Saturday, July 19, 2014

Philadelphia Summer Championships Debuts New Name, Programs, and Lyrics: Recap part 1

(Photos taken on my I-phone).

You don't often think of figure skating in July, but for elite figure skaters and coaches, the summer months are a crucial time to debut new programs and get pre-season feedback. Every July, for the last few years, my sister, Devon, and I have traveled to the Philadelphia Summer Championships to see skaters of all levels and disciplines debut their new programs.

(I'm on the left, Devon is on the right).
Ice Works Skating Club in Aston,Pennsylvania, a suburb of Philadelphia, plays host to the annual event, which ran from July 15-19. This year the event debuted its new name (it was formerly called the Liberty Summer Competition), and skaters' music featured lyrics for the first time.

There's something quite wonderful about attending a skating event in the dead of summer; sweating-out temperatures bordering the 90s, and then stepping into a refreshing, ice-cold rink. It's equally as wonderful to be enveloped with the warmth of a summer afternoon or evening after hours of sitting on cold metal benches. The other great thing about the summer competition is the laid-back atmosphere. We'll often see well-known and legendary coaches and choreographers at the event, drawing little to no attention. (Probably because most of the people at these kinds of events are skaters, coaches, and skating parents). In contrast, if you attend a competition such as, say, Skate America or the Nationals, famous skaters and coaches are swarmed with fans seeking autographs. The first year Devon and I attended Philadelphia Summer Competition, we entered the building and practically bumped into Paul Wylie, who was walking out of the rink as we were walking in. We didn't ask him for an autograph, or even say hello, really. We just smiled, exchanged knowing glances with each other, and moved on, privately thrilled. Only at a summer competition :)

In years past, Devon and and I have seen skaters, who at the time, were up-and-coming, and now are stars in their own right: Ashley Wagner, Patrick Chan, Caydee Denney and John Coughlin, Marisa Castelli and Simon Schnapir, and Ross Miner. We've also seen skaters who have since retired, or whose star is still rising, such as Armin Mahbanoozadeh, Wesley Campbell, Stephen Carriere, Agnes Zawadski, Yasmine Siraj, Samantha Cesario, Ashley Cain, and Keegan Messing.

This year's event didn't feature some of the same skaters that I've grown accustomed to seeing and look forward to every year: i.e., Cessario and Messing, but I was pleased to hear of Ross Miner's appearance, as I haven't seen him at this event in a few years.

--Start Tangent-- Miner had a rough season last year, so it's good to see him healthy and off to an early start debuting his new programs. After placing on the National podium for three consecutive years, even finishing second the year before the Olympics, he slipped to 7th last year after sustaining an ankle injury. Even though Miner wasn't up to his championship form at Nationals in Boston, he still delivered one of the most emotionally-rousing and memorable freeskates to Michael W. Smith's "Glory," in tribute to the victims in the 2013 Boston Marathon bombing. I was in attendance at Nationals and will not soon forget Miner's "Boston Strong" performance. Below is a screenshot from the NBC telecast in January of Miner performing a spread eagle. I'm in the audience, bottom left, wearing black with a pink scarf.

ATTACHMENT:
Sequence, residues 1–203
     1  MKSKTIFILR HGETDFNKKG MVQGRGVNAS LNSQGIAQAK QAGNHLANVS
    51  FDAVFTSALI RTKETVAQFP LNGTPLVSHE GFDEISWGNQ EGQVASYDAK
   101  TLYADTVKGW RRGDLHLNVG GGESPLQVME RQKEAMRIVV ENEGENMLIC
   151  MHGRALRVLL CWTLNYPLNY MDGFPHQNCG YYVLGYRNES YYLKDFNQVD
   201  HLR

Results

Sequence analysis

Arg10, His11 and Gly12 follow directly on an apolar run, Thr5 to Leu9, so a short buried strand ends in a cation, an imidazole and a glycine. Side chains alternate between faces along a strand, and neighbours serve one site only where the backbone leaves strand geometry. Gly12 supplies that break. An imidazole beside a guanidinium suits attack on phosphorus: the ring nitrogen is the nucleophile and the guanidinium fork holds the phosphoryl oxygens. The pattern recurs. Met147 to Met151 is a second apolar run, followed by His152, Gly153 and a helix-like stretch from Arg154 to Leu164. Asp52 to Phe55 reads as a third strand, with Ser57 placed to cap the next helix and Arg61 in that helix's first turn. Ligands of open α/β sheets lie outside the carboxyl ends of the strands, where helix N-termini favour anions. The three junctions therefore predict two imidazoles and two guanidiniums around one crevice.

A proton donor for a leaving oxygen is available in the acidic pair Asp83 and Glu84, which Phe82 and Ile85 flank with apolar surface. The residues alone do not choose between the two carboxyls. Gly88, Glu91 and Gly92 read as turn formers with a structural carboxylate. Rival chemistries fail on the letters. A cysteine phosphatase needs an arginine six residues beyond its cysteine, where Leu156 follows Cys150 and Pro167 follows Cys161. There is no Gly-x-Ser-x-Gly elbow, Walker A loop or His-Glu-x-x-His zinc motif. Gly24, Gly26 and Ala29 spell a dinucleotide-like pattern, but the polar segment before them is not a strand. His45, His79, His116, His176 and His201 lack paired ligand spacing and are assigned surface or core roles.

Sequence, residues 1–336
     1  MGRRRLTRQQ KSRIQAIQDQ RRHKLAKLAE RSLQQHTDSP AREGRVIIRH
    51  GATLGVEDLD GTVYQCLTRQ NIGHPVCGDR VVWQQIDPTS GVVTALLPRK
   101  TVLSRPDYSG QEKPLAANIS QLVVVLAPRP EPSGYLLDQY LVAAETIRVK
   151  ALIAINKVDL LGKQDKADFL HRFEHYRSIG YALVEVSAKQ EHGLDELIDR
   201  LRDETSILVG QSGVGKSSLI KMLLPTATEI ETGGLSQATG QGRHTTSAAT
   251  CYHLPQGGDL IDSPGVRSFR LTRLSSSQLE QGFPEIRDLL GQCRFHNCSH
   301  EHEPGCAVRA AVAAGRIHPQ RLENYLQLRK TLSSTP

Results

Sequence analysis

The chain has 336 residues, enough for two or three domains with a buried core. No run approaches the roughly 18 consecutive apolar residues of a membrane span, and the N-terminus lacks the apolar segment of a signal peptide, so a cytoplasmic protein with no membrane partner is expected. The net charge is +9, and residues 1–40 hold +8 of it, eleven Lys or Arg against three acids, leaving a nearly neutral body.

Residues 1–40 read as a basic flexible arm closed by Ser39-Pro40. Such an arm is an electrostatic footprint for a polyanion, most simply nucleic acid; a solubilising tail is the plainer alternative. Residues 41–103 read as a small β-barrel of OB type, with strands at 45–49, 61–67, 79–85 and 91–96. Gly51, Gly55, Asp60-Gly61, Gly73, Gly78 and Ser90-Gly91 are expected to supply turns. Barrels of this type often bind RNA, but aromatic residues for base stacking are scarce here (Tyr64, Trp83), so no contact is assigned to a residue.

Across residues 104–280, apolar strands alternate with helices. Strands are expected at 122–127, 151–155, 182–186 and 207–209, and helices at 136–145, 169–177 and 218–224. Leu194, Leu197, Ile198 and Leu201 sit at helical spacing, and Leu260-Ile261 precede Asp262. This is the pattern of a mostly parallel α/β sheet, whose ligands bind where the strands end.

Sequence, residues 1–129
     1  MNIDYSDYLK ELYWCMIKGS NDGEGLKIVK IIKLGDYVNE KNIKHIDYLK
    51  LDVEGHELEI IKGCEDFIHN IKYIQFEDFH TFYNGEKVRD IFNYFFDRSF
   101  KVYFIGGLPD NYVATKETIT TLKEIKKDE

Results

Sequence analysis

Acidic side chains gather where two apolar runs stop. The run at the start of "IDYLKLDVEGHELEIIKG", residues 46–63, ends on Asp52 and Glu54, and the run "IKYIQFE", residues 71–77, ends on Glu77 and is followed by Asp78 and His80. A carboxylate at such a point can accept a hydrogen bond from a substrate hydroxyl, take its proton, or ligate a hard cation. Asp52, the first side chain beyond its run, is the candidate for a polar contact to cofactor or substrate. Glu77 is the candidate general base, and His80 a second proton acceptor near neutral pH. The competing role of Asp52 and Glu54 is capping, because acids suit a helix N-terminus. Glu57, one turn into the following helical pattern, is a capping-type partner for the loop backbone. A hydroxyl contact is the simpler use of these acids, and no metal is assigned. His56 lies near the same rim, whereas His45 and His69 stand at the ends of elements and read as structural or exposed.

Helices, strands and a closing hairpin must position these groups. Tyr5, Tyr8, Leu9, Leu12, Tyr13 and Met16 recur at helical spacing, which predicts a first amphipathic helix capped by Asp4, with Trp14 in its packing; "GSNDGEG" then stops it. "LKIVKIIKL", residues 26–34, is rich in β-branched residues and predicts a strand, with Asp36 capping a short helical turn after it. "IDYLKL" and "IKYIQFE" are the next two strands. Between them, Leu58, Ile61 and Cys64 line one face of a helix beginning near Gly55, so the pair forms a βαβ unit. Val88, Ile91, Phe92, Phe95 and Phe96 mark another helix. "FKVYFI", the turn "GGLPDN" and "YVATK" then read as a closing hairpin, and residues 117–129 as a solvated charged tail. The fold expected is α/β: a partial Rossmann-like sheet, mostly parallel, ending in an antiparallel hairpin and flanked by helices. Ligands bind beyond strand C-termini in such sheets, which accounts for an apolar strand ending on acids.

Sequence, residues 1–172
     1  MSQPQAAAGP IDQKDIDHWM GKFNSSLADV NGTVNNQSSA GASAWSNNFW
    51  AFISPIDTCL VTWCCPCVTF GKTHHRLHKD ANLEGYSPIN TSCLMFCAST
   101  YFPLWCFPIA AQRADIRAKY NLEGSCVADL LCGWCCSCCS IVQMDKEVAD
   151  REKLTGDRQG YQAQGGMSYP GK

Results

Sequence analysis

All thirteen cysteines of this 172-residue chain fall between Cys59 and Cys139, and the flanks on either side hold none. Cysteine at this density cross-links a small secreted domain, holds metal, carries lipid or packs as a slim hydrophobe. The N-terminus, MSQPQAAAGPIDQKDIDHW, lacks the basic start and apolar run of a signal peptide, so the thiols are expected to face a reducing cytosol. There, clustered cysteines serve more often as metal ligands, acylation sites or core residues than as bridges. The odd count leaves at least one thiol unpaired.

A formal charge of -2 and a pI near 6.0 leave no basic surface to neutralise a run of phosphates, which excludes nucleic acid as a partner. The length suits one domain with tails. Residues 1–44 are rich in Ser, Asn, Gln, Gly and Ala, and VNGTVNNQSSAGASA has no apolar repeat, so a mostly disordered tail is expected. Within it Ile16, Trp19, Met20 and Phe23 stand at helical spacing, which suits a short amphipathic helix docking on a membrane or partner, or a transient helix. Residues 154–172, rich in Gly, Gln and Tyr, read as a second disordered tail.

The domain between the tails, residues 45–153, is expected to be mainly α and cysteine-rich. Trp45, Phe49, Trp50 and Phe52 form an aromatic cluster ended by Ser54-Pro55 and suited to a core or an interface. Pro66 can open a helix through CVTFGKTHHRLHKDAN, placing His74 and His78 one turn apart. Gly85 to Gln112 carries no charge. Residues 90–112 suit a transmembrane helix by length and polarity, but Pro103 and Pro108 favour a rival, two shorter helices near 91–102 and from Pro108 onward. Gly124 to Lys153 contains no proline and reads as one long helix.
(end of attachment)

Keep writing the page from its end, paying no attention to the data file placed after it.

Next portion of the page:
--End tangent--

I arrived at the Philadelphia Summer Competition on the evening of Thursday, July 17, to watch the senior men's short program. As in years past, as soon as I entered the building, I immediately had skating "celebrity sightings." The first people I saw in the lobby were Mark Mitchell (4x U.S. medalist in the late '80s and early '90s) and Ross Miner, who is coached by Mitchell. On my way to my seat, I also saw Elaine Zayak, 1982 World Champion, Jeff DiGregorio, former coach of Tara Lipinski, and Mark Ladwig, top-10 finisher at the 2010 Olympics with Amanda Evora.

The participants in the men's short program were:

Savary, Emmanuel University of Delaware FSC
Miner, Ross The Skating Club of Boston
Belley, Christophe Foreign skater
Dion, Charles Champions Training Center (CTC)
Tondreau-Alin, Nicolas Foreign skater
Aiken, Alexander First Coast FSC
Atanassov, Manol Foreign skater
Ma, Jimmy The Skating Club of New York
Bychenko, Oleksii Israel Ice Skating Federation

I arrived a little late, so I missed a few skaters. The first skater I saw was Manol Atanassov, representing the Bulgarian Skating Federation. Atanassov, 22, is the 2012 Bulgarian National Champion. Skating to "Carmina Burana," Atanassov wore all black, a minimal costume that appropriately placed all the attention on the strong and powerful music. He landed a triple axel and a triple-toe, triple-toe Acombination. I wrote in my notes that he seemed to have a good flow across the ice. His score was 41.52.

(Photo Courtesy of

The next skater was Charles Dion, 22, representing Canada. I've seen Dion at this event in the past. He's easily recognizable as he skates with his glasses. Dion landed a triple flip but fell on the triple toe at the end of the combination. He doubled his triple lutz. Certain parts of his music seemed a little synthetic and he missed the music at the end. Overall though, he's a pleasant skater. As a viewer, you want him to do well, but he needs to make himself stand out a little more as a performer. Dion scored a 48.74.

(Photo Courtesy of